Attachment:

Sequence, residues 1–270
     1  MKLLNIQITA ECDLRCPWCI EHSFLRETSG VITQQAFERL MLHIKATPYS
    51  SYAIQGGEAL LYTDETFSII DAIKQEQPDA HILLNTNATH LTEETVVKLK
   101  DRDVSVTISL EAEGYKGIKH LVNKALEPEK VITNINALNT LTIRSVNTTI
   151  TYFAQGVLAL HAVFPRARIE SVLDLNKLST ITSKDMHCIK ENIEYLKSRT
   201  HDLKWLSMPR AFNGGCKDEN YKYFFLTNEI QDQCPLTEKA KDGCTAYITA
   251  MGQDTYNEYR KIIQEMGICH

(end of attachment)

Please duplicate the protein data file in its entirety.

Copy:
Sequence, residues 1–270
     1  MKLLNIQITA ECDLRCPWCI EHSFLRETSG VITQQAFERL MLHIKATPYS
    51  SYAIQGGEAL LYTDETFSII DAIKQEQPDA HILLNTNATH LTEETVVKLK
   101  DRDVSVTISL EAEGYKGIKH LVNKALEPEK VITNINALNT LTIRSVNTTI
   151  TYFAQGVLAL HAVFPRARIE SVLDLNKLST ITSKDMHCIK ENIEYLKSRT
   201  HDLKWLSMPR AFNGGCKDEN YKYFFLTNEI QDQCPLTEKA KDGCTAYITA
   251  MGQDTYNEYR KIIQEMGICH